156 Hamilton St., Leominster, MA
       

Popcorn Ceilings and the Trend to Remove ThemDuring the 1970s, home building picked up on the idea of a cheap but effective way to reduce sound travel from one floor to the next: popcorn ceilings. Essentially, after the drywall was installed, a finisher would come in with a plaster mix and spray on the ceiling drywall for a bit of a lumpy effect. The disparate clumps and bumps not only created a texture to an otherwise flat-looking ceiling, they also helped break up sound waves. After being spray-painted in white, the ceiling texture essentially blended with the rest of the room to produce a finished look. Popcorn ceilings were such a common approach, entire home subdivisions had cookie-cutter ceiling work done by teams on new homes.

A Bad Memory From the Past

Today, popcorn ceilings are like sheet vinyl on flooring, relics of the 1970s decade and almost a trigger for a negative gut reaction from anyone who lived in that time period, particularly as a kid. Worse, prior to 1978, some of the material used to create the popcorn ceiling also included asbestos under the idea that it would improve safety and increase fire resistance ( disregarding the fact that asbestos is extremely hazardous to breathe once airborne).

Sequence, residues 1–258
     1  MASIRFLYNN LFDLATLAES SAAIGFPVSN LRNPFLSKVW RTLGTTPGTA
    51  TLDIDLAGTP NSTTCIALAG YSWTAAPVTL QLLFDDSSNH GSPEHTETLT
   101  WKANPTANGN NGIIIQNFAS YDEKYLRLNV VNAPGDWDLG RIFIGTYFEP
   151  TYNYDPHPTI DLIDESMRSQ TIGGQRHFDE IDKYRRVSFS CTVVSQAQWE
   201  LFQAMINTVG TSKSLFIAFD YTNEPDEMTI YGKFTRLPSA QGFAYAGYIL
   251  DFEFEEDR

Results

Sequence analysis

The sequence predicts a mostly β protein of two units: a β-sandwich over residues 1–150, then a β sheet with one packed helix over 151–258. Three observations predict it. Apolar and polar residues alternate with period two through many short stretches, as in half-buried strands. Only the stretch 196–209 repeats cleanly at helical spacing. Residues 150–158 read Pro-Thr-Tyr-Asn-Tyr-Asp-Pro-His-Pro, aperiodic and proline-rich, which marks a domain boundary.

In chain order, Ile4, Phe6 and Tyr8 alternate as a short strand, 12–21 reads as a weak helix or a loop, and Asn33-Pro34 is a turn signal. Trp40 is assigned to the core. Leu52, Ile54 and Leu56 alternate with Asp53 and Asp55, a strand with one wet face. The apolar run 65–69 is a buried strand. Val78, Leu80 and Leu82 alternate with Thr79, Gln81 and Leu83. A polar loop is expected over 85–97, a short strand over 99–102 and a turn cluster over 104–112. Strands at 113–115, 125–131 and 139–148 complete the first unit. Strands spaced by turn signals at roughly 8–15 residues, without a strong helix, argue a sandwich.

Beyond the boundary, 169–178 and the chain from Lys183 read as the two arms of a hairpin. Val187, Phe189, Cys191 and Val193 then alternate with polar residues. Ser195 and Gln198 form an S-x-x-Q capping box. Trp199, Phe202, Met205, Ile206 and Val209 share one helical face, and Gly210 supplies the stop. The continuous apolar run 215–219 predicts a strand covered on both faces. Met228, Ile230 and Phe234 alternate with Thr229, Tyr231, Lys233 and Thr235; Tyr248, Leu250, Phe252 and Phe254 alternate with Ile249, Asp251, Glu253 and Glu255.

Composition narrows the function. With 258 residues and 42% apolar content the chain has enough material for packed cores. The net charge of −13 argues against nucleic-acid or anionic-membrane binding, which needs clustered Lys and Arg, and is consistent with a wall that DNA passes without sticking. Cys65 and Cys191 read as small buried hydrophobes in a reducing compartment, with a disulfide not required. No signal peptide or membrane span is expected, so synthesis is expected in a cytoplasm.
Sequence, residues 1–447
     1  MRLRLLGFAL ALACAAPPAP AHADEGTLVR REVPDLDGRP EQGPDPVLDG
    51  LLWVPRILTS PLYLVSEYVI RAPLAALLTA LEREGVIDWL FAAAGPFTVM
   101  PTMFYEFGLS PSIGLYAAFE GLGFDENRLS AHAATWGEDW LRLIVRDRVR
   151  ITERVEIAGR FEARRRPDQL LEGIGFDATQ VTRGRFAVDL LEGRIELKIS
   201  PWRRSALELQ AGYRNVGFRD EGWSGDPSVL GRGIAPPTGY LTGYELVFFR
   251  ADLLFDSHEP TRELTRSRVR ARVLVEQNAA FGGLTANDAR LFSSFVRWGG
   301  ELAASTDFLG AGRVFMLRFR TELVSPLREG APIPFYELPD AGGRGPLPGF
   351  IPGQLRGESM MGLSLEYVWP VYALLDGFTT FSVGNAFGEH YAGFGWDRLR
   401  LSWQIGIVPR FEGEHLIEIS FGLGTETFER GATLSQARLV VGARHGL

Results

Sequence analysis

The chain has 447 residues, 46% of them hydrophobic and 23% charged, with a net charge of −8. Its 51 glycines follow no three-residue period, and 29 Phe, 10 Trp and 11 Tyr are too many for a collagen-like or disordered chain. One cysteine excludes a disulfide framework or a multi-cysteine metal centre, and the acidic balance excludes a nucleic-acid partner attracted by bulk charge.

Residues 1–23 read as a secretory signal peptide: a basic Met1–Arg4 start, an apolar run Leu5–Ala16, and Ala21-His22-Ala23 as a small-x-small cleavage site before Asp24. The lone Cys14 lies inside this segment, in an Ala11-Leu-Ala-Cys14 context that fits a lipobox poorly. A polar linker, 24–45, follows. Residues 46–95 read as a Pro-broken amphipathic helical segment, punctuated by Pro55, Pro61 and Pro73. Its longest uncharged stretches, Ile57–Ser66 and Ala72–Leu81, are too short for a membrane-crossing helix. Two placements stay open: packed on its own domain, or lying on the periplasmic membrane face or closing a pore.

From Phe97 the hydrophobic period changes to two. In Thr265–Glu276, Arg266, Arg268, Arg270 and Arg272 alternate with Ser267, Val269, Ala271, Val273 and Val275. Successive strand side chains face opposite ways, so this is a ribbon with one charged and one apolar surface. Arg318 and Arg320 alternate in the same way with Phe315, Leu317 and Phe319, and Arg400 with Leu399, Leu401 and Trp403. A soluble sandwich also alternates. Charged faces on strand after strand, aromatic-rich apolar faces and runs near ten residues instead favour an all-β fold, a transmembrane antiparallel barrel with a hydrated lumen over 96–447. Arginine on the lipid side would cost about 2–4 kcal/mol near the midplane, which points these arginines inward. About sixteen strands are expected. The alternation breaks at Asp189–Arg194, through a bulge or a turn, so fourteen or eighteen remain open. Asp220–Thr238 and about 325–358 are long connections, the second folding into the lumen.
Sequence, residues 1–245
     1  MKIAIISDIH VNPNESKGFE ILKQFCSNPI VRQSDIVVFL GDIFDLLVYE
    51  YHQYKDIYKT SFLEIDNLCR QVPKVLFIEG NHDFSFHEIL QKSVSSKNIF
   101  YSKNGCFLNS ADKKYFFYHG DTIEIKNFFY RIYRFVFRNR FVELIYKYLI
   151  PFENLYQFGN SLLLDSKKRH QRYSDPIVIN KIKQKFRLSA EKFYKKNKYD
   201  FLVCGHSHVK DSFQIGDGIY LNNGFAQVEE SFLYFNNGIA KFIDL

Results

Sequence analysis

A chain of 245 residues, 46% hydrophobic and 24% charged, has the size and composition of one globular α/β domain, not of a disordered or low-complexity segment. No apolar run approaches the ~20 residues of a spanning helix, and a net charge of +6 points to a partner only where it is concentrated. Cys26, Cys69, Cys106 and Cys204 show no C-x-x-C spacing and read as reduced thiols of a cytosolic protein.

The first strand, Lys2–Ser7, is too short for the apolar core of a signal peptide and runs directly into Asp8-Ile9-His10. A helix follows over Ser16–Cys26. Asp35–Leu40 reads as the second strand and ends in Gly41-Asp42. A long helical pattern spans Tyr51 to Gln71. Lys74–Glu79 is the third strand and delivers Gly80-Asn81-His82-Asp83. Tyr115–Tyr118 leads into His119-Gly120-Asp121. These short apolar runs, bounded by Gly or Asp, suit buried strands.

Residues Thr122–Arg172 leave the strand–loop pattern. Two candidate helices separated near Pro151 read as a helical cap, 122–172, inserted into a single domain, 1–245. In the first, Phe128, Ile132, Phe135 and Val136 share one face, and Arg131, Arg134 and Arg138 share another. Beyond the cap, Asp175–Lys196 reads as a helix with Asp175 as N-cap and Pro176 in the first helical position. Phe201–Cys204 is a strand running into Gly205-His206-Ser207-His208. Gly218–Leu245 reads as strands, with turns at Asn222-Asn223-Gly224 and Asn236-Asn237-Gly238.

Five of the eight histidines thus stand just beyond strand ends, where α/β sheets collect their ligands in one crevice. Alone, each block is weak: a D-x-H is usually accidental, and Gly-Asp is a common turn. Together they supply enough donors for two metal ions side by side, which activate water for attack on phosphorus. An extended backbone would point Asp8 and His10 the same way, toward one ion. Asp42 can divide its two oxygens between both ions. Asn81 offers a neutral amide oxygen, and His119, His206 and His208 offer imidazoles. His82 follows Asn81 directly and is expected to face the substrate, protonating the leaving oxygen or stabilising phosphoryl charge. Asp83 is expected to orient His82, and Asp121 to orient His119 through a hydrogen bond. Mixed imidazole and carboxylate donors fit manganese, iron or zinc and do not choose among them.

Leverage for a Buyer, Vulnerability for a Seller

No surprise, anyone in modern times coming into a used home as a new buyer and owner will likely want to have the popcorn ceiling texture completely removed and redone. In some cases, during a buyer’s market, some prospects will actually want the seller to pay for the work to sell the home quickly.

Sellers should expect, at a minimum, that the issue will be used to argue for a lower price, at least in a normal market or where there is competition to secure a buyer. Only during a seller’s market will the presence of the popcorn ceiling pretty much be a non-issue for a quick sale.

While it might seem tempting to just have the owner scrape the ceilings and repaint them, it’s best to have a professional take care of the removal in a clean process. Especially if the home is older than 1978, the work could be hazardous and require specific steps for proper mitigation.